Dad died Aug 9 2010 from colon cancer, Mom and I took care of him at home,up until Friday morning, the cancer has moved to his brain and we could no longer meet his needs, he died in the hospital the following Monday afternoon. I took FMLA in July to help Mom care for Dad, and because I needed to be there for my own sake. I am the oldest daughter and throughout my life the belief that family is first and foremost was shown to me daily growing up.Being responsible to help out at home with cooking, cleaning, caring for the younger members of the family was common place so from an early age it was always said I was very mature for my age. I have been a care giver all of my life, I have worked in nursing homes off and on for over 30 years which of course was helpful in knowing how to care for Dad and allowed me some insight into what was taking place during his last battle on earth. I am telling you this because it leads me to what I believe is part of my problem.
During that time when Dad was so ill and everyday was a new day for him some great others 22 hours of sleeping, loss of appetite, weakness, confusion, pain, grieving, interacting with others, being the sounding board for sisters, brothers, mom, friends relatives, clergy, everyone and anyone who needed to know what was going on or offer support. The point is this I needed to shut down that side of me that knew I was watching my Dad die, my Mom's heart break, my sisters and brothers bewilderment and hurt so that I could do what I needed to do, be the responsible one in all of this. I knew there was no changing the outcome, but I also knew that between Mom and I we could do everything in our power to keep him at home with his beloved dogs, surrounded by family and friends, to offer him emotional, and physical support, in other words to make it the best possible end stage we could. It was very important to mom to keep dad home with us for a long as was possible. I had a mental image in my head, that he would die at home surrounded by his loved ones, free of pain,and at ease. It didn't work out that way but we did what we could until we could until he needed more that we could give him.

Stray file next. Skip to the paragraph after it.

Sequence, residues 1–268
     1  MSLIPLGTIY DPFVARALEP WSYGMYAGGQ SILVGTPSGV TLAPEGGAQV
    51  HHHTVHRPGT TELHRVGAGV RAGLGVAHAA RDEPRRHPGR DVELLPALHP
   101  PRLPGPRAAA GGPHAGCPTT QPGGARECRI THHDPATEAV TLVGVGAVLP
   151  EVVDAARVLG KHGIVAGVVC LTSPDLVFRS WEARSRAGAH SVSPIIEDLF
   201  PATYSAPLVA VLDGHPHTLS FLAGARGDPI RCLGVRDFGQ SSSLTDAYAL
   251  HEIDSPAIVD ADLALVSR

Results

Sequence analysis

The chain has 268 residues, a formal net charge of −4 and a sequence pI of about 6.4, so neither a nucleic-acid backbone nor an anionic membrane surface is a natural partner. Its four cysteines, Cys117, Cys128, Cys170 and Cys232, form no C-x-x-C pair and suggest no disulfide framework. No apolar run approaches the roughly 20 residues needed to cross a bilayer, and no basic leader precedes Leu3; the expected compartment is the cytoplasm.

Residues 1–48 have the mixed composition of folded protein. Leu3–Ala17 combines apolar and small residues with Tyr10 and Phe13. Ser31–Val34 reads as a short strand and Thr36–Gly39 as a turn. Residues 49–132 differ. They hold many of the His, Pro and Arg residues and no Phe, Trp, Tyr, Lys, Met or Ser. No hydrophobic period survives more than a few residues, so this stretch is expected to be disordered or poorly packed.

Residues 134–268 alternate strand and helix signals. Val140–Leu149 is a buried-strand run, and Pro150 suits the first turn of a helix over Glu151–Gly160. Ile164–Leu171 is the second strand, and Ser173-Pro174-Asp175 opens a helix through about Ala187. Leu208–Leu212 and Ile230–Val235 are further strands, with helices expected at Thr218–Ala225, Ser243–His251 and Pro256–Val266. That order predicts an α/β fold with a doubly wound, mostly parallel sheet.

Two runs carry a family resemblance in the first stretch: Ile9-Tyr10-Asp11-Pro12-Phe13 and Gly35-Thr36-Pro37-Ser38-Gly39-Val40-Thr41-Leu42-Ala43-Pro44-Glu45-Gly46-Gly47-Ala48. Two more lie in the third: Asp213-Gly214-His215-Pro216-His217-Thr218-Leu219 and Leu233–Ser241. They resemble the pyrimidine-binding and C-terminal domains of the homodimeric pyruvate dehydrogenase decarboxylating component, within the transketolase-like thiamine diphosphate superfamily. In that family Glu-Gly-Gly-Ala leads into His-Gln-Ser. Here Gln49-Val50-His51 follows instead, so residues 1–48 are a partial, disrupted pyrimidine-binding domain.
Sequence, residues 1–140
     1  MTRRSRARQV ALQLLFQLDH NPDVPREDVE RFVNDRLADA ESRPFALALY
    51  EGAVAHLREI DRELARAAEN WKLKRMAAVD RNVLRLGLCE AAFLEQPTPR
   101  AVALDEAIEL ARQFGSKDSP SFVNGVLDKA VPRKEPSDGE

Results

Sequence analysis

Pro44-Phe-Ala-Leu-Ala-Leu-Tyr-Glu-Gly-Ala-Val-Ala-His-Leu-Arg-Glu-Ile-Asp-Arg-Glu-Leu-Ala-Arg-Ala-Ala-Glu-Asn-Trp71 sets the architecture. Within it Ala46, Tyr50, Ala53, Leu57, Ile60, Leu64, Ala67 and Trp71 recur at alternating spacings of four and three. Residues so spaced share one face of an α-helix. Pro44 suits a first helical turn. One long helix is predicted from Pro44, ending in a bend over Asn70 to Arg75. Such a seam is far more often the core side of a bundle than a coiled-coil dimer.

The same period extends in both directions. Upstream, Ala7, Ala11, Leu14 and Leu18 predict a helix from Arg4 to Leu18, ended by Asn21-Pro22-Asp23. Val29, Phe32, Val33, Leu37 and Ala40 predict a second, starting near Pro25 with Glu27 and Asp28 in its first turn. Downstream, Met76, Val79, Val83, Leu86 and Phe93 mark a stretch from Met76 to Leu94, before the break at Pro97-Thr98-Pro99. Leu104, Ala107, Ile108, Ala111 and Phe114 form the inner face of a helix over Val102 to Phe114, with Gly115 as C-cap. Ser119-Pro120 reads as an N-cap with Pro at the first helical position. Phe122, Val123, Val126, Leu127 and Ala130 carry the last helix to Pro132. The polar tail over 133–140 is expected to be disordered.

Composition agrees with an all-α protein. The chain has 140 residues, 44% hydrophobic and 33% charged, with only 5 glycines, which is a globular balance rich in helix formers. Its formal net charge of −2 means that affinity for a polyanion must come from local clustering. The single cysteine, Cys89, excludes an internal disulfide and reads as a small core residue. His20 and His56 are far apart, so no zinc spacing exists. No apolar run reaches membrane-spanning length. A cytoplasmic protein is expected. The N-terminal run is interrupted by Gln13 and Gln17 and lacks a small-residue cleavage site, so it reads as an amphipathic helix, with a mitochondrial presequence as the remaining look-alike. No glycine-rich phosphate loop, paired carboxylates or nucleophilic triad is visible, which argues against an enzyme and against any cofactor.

I grieved him of course, countless tears were shed during the funeral, exhaustion physical and emotional were what I took back home with me. I know about anticipatory grief and we had plenty of time for that in the years prior as Dad fought non Hodgkins lymphoma, every remission was a victory, every new round a fearful time, while the disease itself was not as big a threat the treatment had to be upped with more toxic chemotherapy plans some of which almost took him.
He asked me one night when he was having a lot of pain and we had to increase his pain medication if I was playing with his life, I told him no I was trying to help him with his pain, I did feel like I was playing with his life, even though you know it was not true because if I had that kind of control over the situation he would be well and happy and laughing again, playing with his dogs, mowing grass and fishing, it still hit a heart chord for me.
I had a job to do, and I did it to the best of my ability, and still I feel as if I in some way failed him. Somehow it feels as if I am summing up what my Dad went through as I job I needed to do I don't feel like I have separated the job from the loss.While I was not a Daddy's girl I was his "Suzy girl" and whatever that meant to him.